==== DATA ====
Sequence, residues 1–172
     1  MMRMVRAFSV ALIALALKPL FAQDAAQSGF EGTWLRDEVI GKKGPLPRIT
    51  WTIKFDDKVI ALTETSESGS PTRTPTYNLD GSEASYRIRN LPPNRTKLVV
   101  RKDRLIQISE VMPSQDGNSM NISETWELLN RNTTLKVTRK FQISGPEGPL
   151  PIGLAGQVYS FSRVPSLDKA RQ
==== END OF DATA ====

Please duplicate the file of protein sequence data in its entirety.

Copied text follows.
Sequence, residues 1–172
     1  MMRMVRAFSV ALIALALKPL FAQDAAQSGF EGTWLRDEVI GKKGPLPRIT
    51  WTIKFDDKVI ALTETSESGS PTRTPTYNLD GSEASYRIRN LPPNRTKLVV
   101  RKDRLIQISE VMPSQDGNSM NISETWELLN RNTTLKVTRK FQISGPEGPL
   151  PIGLAGQVYS FSRVPSLDKA RQ